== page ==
Jane Neyman and the First Baptism for the Dead

At a funeral sermon in the summer of 1840, Joseph Smith preached the first public discourse on baptisms for the dead.  A woman named Jane Neyman heard the sermon.  She had a teenage son named Cyrus who had died before ever being baptized.  Shortly after the sermon, Jane went to the Mississippi River with an elder of the Church named Harvey Olmstead, and Jane was baptized for Cyrus.  A woman named Vienna Jaques rode into the river on horseback to act as a witness and hear the prayer that elder Olmstead uttered on the spot.  The first baptism for the dead didn’t follow conventional forms that developed later in the Church, but upon hearing of the event, Joseph Smith still called it “right.” God accepts our sincere efforts to do his will, even when things may not be done perfectly.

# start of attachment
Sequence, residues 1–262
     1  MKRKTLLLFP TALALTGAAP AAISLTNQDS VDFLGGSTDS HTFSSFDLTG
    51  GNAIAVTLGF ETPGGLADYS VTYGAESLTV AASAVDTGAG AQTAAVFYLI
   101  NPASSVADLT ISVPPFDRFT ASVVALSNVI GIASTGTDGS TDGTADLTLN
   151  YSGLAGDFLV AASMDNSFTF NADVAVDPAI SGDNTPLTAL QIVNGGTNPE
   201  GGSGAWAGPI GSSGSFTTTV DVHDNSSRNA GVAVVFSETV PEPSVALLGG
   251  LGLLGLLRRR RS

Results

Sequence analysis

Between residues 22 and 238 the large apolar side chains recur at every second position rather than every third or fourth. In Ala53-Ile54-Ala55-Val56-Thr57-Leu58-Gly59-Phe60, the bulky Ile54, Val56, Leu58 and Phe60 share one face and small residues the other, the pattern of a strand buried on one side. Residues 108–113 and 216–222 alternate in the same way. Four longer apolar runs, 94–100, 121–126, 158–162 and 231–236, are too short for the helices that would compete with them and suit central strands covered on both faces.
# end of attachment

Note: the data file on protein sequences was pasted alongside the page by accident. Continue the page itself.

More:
This original painting was created for my Repicturing the Restoration project published in 2020 by BYU’s Religious Studies Center & Deseret Book. 

“Jane Neyman and the First Baptism for the Dead” 20×24 oil on board, 2019 (comes in a 2.5″ brown rustic frame, 25×29)



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